It’s our third hitch- in some ways I feel like I am getting my hitch systems dialed in, and in other ways I feel like I am constantly working on myself and being worked on out here. And a lot of the time that’s all I want, to feel my limbs getting worked by that climb up to Frog Peak, or my skin worked by the sun at Hidden Peak lookout, or my face frozen into a smile on a cold hike out of camp in the morning, pants already dripping with dew. Other times on this hitch all I wanted was a break from the mosquitos, or to have dry boots for just a day.

This has been a full summer, following fast on the heels of a busy spring. I feel short on words in spite of how satiated I have been, and at times over-full with it all. It’s hard to describe how right it feels to come back to SBFC, the Selway-Bitterroot wilderness, as a staff member. I’ve graduated from the University, and countless things have changed in my personal landscape; people close to us are gone, and others who have been far away have suddenly arrived in our lives. And the wilderness is just as stunning and humbling as ever. This summer I’m on the west side of the Divide, in the moist cedar forests and rolling peaks (and plenty of hot burn areas as well). All the trails and trips I dreamed about last year while I worked on the east side of the Divide are my hitches this summer.

I remember last summer asking Jack Ader, the wilderness ranger out of the West Fork of the Selway-Bitterroot, what his favorite trip in the wilderness was. After some thought, he named the loop we just cleared on this hitch. It has been magical to see a totally different side of the mountains. I’ve always thought the Bitterroots had a sort of nurturing feeling, compared to other mountains. I think it’s something about the lush ecology, and the inviting topography. How you can look at a peak, decide to head towards it, and usually find some way up. But there is a familiarity too, after a couple of seasons of work and lots of exploration in my off-time. I feel so grateful to have that space to think over things in my life. To feel totally physically exhausted, and quiet in my mind.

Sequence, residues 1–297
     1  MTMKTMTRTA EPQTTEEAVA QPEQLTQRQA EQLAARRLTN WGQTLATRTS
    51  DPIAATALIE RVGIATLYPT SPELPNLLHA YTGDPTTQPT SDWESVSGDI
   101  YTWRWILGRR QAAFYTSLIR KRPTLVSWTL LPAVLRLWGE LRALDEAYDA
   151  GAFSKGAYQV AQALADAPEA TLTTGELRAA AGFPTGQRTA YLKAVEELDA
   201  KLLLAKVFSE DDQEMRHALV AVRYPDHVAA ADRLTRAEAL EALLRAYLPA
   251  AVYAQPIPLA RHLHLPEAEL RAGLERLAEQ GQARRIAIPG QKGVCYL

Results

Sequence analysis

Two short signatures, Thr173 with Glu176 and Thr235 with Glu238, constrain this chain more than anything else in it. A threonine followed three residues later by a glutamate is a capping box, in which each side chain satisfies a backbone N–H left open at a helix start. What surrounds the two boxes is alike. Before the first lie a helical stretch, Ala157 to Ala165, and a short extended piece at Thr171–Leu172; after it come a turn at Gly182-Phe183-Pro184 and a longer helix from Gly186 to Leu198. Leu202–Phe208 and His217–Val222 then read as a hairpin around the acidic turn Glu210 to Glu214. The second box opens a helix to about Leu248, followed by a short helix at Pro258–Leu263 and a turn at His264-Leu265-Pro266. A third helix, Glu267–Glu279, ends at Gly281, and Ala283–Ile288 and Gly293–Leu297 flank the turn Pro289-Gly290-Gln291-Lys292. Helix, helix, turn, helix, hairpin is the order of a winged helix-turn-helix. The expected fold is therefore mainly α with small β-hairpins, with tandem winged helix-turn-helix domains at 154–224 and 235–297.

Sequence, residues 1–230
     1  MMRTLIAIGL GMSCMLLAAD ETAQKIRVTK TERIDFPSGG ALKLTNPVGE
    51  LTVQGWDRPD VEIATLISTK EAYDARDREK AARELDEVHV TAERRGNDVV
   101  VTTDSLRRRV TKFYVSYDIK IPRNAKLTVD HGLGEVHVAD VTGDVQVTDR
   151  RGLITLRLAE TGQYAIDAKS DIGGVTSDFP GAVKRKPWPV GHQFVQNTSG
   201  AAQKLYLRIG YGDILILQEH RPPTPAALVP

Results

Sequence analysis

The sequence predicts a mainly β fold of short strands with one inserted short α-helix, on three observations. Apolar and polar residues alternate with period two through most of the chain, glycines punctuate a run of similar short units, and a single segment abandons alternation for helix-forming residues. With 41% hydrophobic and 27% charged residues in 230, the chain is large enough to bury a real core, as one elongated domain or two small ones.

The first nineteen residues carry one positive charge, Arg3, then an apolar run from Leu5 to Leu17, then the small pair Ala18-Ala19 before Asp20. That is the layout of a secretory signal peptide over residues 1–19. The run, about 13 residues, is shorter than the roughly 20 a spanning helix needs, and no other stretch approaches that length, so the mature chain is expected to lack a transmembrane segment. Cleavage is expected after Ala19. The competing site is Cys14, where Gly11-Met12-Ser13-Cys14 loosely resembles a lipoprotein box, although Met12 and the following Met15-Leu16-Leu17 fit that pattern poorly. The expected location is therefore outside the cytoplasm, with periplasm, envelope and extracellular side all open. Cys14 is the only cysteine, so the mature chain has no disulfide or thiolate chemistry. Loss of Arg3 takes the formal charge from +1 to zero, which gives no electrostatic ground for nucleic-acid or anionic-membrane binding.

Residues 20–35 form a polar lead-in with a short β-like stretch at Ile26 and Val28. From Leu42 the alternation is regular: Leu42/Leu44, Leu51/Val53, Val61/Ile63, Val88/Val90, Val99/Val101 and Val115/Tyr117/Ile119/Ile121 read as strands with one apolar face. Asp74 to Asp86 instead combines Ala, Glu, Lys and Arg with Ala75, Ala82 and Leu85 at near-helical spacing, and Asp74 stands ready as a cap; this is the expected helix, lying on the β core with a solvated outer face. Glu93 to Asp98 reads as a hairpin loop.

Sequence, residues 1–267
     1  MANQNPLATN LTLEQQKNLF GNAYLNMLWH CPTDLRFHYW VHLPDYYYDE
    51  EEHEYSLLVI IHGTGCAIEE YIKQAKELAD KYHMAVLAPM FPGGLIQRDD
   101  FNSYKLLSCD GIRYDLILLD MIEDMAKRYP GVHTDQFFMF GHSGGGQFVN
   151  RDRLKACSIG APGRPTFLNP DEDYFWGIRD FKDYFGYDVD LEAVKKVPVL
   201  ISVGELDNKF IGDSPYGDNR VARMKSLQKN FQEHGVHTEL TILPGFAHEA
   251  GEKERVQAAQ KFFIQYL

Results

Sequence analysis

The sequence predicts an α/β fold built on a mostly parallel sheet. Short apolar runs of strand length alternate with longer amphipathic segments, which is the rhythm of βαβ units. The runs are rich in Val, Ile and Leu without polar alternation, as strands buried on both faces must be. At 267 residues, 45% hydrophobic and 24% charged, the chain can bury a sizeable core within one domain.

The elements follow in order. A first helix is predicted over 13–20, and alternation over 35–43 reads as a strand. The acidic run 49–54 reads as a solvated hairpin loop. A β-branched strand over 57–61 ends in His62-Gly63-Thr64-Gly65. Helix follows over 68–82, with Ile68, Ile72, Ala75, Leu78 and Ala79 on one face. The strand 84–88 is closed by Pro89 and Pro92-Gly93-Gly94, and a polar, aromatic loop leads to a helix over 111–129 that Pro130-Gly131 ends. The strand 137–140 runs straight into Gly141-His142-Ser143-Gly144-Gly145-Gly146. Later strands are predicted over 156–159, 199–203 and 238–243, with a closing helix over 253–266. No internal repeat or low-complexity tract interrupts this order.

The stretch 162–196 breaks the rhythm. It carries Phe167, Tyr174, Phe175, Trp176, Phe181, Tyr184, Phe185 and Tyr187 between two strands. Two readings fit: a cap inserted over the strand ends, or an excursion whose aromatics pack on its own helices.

This hitch we got to cover a lot of unique miles of trail, and climb various hills up to stunning views. Hang out by lakes and look out through burned areas. Still, I would not feel nearly as taken care of and delighted out there without my amazing crew. There have been so many moments in camp and on the trail that I have had to stop and smile, just seeped in appreciation for those guys. Each of them are trail-clearing machines, but their steady friendship is truly and constantly impressive. I feel such relief and happiness when I see Will waiting for me at a stream crossing with a question about the catkins on the alder trees. I feel comforted in camp at night during a storm when the snags are creaking and I hear Trevor blow his nose, making a noise just like a startled deer. And I doubt I have met anyone so ready to help with anything that could come up as James.

Though I come back to town ready to sleep for a day, I feel so energized by the time I spend with such incredible humans in the Selway-Bitterroot.


Return to 421 and Discovering Moose Creek

James Myers – Nez Perce-Clearwater Trail Crew Member

Trail #421

Nez Perce Clearwater National Forest

After my internship was over last year (2018) I was fortunate enough to tag along with the trail crew for one last Wilderness adventure. Trail 421 runs along the beautiful Moose Creek I always hear so much about, but the most fascinating thing about this area are the Cedars! Massive Cedar trees with fern undergrowth and scattered rays of light shinning down, walking through feels as if you’ve been transported to another world. I was very excited to say the least when I got the news that we would be going back to spend more time with the Cedars. It took us a few days working down trail 486, but the wait is always worth it once you arrive in this forest. The Huckleberries, Thimbleberries, Blackberries (even though they aren’t native), and Serviceberries were in full swing so not only were our visual senses occupied our taste buds were enjoying themselves also! We were able to stay tucked away at a really special campsite hidden just off the trail under an amazing canopy right next to Moose Creek. This was one of the same spots we stayed at the year before. The Misquotes must having been enjoying the forest also, because they left us alone for the most part! Eventually our time came to an end once we finished all the work in the area and we continued our journey along 421.This part of 421was new to me and I began to understand how one could fall in love with Moose Creek. Moose Creek is filled with wonderful swimming holes and if one just stops to look they can see plenty of Trout swimming and rising in the water so naturally, it makes you wonder how they’ve gotten things figured out so easily? Being able to work in such amazing spaces is truly a blessing, but being able to share theses areas with an amazing team of friends really makes the Wilderness feel like a home.